Astronomers have observed that our Sun could be a potential threat to human civilization due to a phenomenon where the Sun ejects large bursts of energy called a “superflare.”
Superflares are the extreme versions of a typical solar flare — a sudden flash of increased brightness of the Sun and usually observed near its surface and close to a sunspot group. Powerful flares are often, but not always, accompanied by a coronal mass ejection. Even the most potent flares are barely detectable in the total solar irradiance.
However, unlike the typical solar flare, superflares are much stronger and powerful. Astronomers warn that a superflare could burst energy from its surface that could be seen light years away that could harmfully affect life on Earth.
Initially, scientists believed that superflares were only limited to be an occurrence in younger stars. However, Yuta Notsu and his team of researchers published their latest study rejecting that initial assumption and discussed otherwise in The Astrophysical Journal.
The study indicated that superflares were a natural and frequent occurring phenomenon on younger stars due to its small size and high energy. These younger stars would often burst large amounts of energy. Moreover, it was then believed that as these stars aged and became suns, superflares would incrementally decrease and eventually stop.
“When our Sun was young, it was very active because it rotated very fast and probably generated more powerful flares,” said Notsu in Boulder. “But we didn’t know if such large flares occur on the modern sun with very low frequency.”
However, a discovery from the results provided by the Kepler Space Telescope, a NASA spacecraft from 2009, found something odd about the stars it was observing. In rare events, the light from distant stars seemed to get suddenly, and momentarily, brighter.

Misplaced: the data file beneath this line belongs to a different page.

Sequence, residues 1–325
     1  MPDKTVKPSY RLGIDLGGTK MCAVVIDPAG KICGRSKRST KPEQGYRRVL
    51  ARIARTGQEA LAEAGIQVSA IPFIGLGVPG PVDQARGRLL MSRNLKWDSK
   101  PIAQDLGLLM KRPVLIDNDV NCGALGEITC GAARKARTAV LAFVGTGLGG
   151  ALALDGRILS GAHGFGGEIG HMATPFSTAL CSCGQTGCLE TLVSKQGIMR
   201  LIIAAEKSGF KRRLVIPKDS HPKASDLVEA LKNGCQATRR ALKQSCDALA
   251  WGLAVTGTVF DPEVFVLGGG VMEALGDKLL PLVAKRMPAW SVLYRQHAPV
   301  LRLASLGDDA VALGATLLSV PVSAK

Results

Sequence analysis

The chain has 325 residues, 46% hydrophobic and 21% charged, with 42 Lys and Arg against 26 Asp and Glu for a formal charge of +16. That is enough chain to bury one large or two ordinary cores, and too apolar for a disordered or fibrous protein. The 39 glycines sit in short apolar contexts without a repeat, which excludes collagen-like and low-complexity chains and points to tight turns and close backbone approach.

Notsu explained that normal-sized flares are frequent on the sun. But what the Kepler data was showing seemed to be much bigger, on the order of hundreds to thousands of times more powerful than the most giant flare ever recorded with modern instruments on Earth.
The results should be a wake-up call for life on our planet, said Notsu during a visit at the University of Colorado Boulder.
If a superflare erupted from the sun, he said, Earth would likely sit in the path of a wave of high-energy radiation. Such a blast could disrupt electronics across the globe, causing widespread blackouts, and shorting out communication satellites in orbit.
This could be a massive threat for life on Earth, given that most of society is contingent along with the dependency on technological devices. Moreover, Notsu does not only refer to smartphones and Wi-Fi connectivity. Instead, a single wave of such superflares could cause catastrophic events on Earth.
“If a superflare occurred 1,000 years ago, it was probably no big problem. People may have seen a large aurora,” Notsu said. “Now, it’s a much bigger problem because of our electronics.”
Primarily, orbiting satellites would first be affected and render them useless—making all communication devices on Earth, including cellular phones, tracking services, GPS, radios, etc., to stop functioning. Moreover, all electronic-dependent technology would also stop working. This could mean aircraft are crashing all over the place, hospitals without operating equipment, or even plumbing and electric services become useless.
To make matters worse, researchers are also in the dark with regards to information about superflares. Currently, researchers don’t have an exact explanation of why superflares occur. Moreover, they cannot predict when a superflare could exactly arise, making it impossible to prevent and prepare for such situations.
To understand more, Notsu’s team ran new spectroscopic observations with the Kepler data, data from the European Space Agency’s Gaia spacecraft and the Apache Point Observatory in New Mexico.
Over a series of studies, the group used those instruments to narrow down a list of superflares that had come from 43 stars that resembled our sun. The researchers then subjected those rare events to a rigorous statistical analysis.
The team writes: “We need more studies to clarify the properties of superflare stars on Sun-like stars and to answer the important question, ‘Can our Sun have superflares?'” Also, “the number of old, slowly rotating Sun-like superflare stars [observed is] now very small, and the current statistical discussions are not enough.”
Fortunately, the team also told that superflares for older stars or Suns may not occur as frequent compared to younger stars. “Our study shows that superflares are rare events,” said Notsu. “But there is some possibility that we could experience such an event in the next 100 years or so.”